DETROIT—Mayor Dave Bing announced Thursday morning that the abandoned Fredrick Douglas Homes complex, formerly known as the Brewster-Douglas housing project, will be demolished.
The massive complex covers a large swath of land in a part of the city that is prime space for new development, Bing said. The demolition is expected to take place next summer, according to Bing.
“We’ve got 18 acres of contiguous property in a great part of Detroit. But it [the complex] has to come down first,” Bing told reporters outside of the vacant housing project located near Eastern Market, Brush Park, and Detroit’s Midtown district. “These buildings have been standing empty for years.”
Bing called the abandoned high-rises an “eyesore” and said he was open to suggestions on how to develop the space after demolition takes place adding that there are no plans in place for its future development. “It’s a white sheet of paper,” he said.
A $6.5 million grant from the U.S. Department of Housing and Urban Development’s Capital Fund Emergency Grant Program awarded to the Detroit Housing Commission will pay for the demolition.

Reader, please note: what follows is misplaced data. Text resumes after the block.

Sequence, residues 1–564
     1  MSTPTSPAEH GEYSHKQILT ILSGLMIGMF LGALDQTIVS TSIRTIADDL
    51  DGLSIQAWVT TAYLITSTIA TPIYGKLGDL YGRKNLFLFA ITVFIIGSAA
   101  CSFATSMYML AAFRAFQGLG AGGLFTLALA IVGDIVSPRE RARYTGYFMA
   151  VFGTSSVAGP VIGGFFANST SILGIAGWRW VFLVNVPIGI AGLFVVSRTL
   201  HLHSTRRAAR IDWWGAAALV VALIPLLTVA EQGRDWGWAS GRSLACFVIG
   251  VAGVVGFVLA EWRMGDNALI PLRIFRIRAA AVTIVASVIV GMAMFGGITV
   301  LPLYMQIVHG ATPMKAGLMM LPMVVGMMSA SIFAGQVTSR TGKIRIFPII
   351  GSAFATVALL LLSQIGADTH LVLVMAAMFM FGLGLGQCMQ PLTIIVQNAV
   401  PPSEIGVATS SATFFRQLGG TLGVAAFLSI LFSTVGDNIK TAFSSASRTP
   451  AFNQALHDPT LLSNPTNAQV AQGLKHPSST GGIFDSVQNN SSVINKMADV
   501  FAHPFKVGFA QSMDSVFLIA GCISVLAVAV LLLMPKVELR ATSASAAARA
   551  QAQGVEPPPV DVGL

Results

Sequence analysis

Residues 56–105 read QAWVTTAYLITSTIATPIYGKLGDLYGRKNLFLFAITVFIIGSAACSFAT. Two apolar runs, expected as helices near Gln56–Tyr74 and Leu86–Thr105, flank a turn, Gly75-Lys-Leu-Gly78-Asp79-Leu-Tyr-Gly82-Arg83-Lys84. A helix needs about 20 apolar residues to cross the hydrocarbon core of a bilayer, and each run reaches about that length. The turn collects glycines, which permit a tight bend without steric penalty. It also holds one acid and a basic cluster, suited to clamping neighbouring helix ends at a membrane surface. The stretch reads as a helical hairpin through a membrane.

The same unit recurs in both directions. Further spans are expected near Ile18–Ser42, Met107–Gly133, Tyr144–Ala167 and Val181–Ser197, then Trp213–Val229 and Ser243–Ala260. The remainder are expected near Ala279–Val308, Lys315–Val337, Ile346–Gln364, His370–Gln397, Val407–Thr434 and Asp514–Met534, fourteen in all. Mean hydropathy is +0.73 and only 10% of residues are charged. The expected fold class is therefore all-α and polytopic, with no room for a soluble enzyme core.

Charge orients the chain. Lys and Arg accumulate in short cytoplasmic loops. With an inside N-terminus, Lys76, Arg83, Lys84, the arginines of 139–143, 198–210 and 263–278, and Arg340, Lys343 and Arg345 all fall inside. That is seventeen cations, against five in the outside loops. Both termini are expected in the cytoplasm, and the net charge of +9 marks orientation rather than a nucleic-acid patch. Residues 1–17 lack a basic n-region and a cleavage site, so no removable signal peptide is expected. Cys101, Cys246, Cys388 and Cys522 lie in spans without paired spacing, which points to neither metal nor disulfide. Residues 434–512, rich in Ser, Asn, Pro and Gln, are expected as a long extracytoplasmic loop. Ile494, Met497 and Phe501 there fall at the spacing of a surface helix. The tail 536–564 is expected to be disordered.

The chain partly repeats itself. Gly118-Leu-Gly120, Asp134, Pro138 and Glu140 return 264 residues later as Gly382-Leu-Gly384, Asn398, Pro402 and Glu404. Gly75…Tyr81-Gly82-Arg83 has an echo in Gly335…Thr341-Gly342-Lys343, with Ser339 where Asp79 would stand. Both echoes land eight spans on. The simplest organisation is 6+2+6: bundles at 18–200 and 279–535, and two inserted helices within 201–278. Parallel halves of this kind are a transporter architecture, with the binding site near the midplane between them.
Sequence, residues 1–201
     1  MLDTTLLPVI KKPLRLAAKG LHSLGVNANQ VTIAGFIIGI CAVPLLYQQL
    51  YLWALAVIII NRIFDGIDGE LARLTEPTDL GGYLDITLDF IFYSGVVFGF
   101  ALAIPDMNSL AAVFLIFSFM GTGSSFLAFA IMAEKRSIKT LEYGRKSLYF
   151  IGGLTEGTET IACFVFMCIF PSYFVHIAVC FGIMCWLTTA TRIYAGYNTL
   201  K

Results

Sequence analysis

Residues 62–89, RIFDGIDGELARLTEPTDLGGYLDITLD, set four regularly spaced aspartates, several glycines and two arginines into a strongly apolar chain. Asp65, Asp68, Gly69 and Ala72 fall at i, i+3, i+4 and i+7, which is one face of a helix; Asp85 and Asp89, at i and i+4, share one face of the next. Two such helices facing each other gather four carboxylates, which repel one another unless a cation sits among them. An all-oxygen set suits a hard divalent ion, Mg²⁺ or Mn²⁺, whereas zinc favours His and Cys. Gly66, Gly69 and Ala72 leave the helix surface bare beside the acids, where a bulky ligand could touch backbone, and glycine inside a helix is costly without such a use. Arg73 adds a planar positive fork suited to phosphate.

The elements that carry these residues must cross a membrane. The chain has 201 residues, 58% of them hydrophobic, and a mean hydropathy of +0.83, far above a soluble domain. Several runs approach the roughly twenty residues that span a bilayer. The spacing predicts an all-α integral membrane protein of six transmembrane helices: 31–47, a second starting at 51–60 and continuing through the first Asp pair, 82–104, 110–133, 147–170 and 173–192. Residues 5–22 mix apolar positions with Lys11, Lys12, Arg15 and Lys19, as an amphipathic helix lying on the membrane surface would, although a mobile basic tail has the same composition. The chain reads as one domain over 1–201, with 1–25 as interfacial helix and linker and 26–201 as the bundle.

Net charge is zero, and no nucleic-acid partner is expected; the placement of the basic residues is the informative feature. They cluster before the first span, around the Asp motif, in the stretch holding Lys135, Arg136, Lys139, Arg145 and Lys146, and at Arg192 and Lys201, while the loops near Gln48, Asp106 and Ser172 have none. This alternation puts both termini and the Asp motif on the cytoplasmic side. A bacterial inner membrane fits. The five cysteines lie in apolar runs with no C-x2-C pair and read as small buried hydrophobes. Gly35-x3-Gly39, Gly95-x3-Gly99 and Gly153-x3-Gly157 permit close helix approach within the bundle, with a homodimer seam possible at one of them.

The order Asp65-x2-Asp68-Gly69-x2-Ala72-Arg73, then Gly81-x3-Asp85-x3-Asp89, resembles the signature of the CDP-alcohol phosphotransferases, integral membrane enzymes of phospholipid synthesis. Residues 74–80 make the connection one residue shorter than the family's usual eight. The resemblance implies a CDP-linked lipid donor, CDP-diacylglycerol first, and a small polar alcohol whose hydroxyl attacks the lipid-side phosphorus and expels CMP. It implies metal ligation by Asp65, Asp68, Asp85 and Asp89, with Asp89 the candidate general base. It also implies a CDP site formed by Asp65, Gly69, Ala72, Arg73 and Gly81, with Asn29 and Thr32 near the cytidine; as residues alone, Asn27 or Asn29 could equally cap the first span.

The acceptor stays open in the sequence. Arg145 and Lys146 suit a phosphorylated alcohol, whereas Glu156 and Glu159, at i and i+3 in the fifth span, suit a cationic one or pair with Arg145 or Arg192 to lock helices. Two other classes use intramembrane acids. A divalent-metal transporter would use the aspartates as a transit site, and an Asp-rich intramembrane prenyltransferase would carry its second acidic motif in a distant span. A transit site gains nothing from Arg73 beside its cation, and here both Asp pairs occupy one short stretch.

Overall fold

The complex has a historical background as one of the first government subsidized housing projects in the city and has housed some of the city’s biggest legends in entertainment.
“The former Brewster-Douglass complex has a proud place in Detroit’s rich history, as the nation’s first federal housing project for African Americans; as the place where Joe Louis learned to box; and where Diana Ross, Mary Wilson and Florence Ballard formed the Supremes,” Mayor Bing said. “However, as a vacant site it became a major eyesore and a danger to the community. We welcome the chance to make it a productive residential and commercial area once again.”
In his state of the city address in March, Bing promised to begin demolition on the complex; one of the city’s largest abandoned housing projects, by the end of the year.
The Detroit Housing Commission owns the complex, which covers 18.5 acres of property. The Frederick Douglass Homes project includes four 12-story high-rise apartment buildings; two six-story mid-rise apartments and 75 town homes.
The U.S. Housing and Urban Development (HUD) took control of the Detroit Housing Commission in 2005. Earlier this year, HUD Assistant Secretary Sandra B. Henriquez announced a transition plan that outlines the steps for its return to local governance, including the appointment of an advisory committee by Mayor Bing.